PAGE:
From the Beginning to the End of HIV: the Great Successes & Remaining Challenges
Professor Sharon Lewin
Director, Doherty Institute for Infection & Immunity and Professor of Medicine, The University of Melbourne
Consultant Infectious Diseases Physician, Alfred Hospital
NHMRC Practitioner Fellow
The advances in the treatment and prevention of HIV infection have been spectacular. Antiretroviral therapy (ART) has led to a major reduction in HIV-related mortality and morbidity. Life expectancy is now often normal for people living with HIV. Treatment is relatively simple, has few adverse effects and is currently available to 15 million people in low and middle income countries. In addition, treatment of HIV leads to a marked reduction in HIV transmission. New prevention strategies have also been developed and are highly effective, including pre-exposure prophylaxis and circumcision. Many believe that we now have the tools to see the end of AIDS as well as a major decline in new infections – but the challenge is in implementing and funding what we know works.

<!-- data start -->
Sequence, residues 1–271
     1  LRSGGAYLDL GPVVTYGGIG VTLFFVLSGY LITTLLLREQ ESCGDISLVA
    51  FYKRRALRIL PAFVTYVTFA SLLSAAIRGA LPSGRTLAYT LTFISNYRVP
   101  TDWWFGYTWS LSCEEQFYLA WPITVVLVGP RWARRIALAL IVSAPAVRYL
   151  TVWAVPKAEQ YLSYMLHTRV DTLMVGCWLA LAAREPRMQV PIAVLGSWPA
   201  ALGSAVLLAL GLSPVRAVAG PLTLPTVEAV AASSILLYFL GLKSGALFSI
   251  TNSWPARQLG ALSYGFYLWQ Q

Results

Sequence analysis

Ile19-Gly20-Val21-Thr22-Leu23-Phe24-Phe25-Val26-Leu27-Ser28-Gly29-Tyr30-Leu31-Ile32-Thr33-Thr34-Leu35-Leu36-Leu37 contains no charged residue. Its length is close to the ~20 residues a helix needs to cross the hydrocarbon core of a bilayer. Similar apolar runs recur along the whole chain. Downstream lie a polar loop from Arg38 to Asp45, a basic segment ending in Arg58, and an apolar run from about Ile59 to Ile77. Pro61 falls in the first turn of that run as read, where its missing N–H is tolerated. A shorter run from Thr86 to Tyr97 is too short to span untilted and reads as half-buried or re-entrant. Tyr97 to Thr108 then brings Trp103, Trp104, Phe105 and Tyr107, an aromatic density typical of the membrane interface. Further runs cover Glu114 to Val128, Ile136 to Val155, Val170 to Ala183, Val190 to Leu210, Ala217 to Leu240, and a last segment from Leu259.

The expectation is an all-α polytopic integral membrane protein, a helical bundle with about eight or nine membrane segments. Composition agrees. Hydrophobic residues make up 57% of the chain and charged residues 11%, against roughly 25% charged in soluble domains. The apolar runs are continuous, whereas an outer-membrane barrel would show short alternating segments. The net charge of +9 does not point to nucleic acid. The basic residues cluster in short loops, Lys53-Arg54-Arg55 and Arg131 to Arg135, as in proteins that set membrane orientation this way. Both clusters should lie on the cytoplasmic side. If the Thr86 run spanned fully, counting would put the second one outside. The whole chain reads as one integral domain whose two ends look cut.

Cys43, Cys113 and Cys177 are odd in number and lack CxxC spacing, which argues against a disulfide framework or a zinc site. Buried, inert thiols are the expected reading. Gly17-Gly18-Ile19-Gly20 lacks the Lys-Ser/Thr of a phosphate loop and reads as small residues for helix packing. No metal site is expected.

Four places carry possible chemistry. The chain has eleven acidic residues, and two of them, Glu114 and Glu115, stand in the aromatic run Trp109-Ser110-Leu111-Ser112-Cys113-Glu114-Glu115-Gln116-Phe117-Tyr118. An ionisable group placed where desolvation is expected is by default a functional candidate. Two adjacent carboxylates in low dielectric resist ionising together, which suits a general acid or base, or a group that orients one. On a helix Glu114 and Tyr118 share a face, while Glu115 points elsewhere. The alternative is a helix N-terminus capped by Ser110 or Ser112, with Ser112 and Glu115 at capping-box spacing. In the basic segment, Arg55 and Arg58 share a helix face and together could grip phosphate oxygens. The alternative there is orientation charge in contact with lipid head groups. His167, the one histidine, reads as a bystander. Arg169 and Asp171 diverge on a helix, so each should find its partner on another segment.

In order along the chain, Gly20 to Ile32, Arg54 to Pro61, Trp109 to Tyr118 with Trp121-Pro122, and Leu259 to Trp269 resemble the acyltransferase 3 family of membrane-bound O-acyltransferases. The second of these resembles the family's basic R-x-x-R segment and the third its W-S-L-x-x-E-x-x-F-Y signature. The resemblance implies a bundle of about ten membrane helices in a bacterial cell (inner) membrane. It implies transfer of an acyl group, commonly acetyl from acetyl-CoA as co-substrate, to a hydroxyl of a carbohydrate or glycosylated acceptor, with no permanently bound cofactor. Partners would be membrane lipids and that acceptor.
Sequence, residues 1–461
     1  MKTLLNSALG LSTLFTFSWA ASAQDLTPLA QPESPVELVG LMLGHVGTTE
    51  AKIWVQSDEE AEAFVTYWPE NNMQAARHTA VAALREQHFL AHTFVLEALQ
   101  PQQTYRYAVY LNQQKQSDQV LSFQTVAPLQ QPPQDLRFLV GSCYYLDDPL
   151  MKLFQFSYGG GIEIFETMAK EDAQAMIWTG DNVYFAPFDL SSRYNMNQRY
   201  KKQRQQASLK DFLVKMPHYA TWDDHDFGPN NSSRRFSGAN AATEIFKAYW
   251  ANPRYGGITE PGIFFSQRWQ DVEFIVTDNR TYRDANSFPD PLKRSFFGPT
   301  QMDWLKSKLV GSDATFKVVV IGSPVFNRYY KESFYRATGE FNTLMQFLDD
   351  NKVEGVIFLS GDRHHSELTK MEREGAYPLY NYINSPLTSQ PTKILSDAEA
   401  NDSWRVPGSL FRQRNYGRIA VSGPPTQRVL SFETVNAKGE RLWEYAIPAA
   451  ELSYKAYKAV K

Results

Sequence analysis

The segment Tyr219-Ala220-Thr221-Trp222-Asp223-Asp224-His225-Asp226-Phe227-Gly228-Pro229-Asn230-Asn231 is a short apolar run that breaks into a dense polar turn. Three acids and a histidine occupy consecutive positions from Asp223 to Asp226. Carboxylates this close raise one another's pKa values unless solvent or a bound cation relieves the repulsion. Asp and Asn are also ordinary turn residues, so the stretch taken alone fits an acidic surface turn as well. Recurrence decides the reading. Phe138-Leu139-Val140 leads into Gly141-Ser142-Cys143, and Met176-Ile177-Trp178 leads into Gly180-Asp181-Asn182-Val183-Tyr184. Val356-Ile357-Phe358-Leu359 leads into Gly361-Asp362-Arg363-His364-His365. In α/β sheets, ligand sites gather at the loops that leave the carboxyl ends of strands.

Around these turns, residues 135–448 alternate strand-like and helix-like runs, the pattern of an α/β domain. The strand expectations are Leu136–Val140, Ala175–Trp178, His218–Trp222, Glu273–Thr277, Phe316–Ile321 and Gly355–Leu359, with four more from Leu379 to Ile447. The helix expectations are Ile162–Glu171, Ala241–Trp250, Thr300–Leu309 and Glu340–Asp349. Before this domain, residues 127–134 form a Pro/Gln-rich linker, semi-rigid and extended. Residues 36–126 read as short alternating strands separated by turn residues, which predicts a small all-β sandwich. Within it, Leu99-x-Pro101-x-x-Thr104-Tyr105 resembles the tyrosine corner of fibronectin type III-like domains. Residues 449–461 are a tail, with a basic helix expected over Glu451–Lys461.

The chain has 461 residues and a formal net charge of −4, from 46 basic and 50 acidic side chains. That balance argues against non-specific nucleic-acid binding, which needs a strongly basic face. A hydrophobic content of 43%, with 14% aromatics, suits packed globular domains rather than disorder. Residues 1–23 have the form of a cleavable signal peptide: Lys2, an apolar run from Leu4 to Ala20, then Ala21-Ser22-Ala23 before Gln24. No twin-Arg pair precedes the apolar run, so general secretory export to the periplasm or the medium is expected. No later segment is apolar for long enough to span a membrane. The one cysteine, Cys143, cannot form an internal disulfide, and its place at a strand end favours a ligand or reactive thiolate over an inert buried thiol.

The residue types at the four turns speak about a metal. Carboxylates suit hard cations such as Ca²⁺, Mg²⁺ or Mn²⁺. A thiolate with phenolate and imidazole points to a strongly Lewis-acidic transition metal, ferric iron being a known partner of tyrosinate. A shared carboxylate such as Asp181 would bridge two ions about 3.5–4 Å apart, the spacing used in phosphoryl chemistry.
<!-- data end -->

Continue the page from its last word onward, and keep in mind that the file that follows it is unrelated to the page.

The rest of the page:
Despite these great advances, globally only 30% of people living with HIV are on effective treatment and in 2014 there were 37 million people living with HIV, 2 million new HIV infections and 1 million AIDS-related deaths. Stigma and discrimination also continue in many parts of the world with ongoing marginalisation of affected communities. In addition, treatment is lifelong and there is no cure. Most countries are still struggling to fund pre-exposure prophylaxis. Therefore, the search for an effective vaccine, a cure and ongoing investment in science and innovation remain a top priority to ultimately see the end of HIV.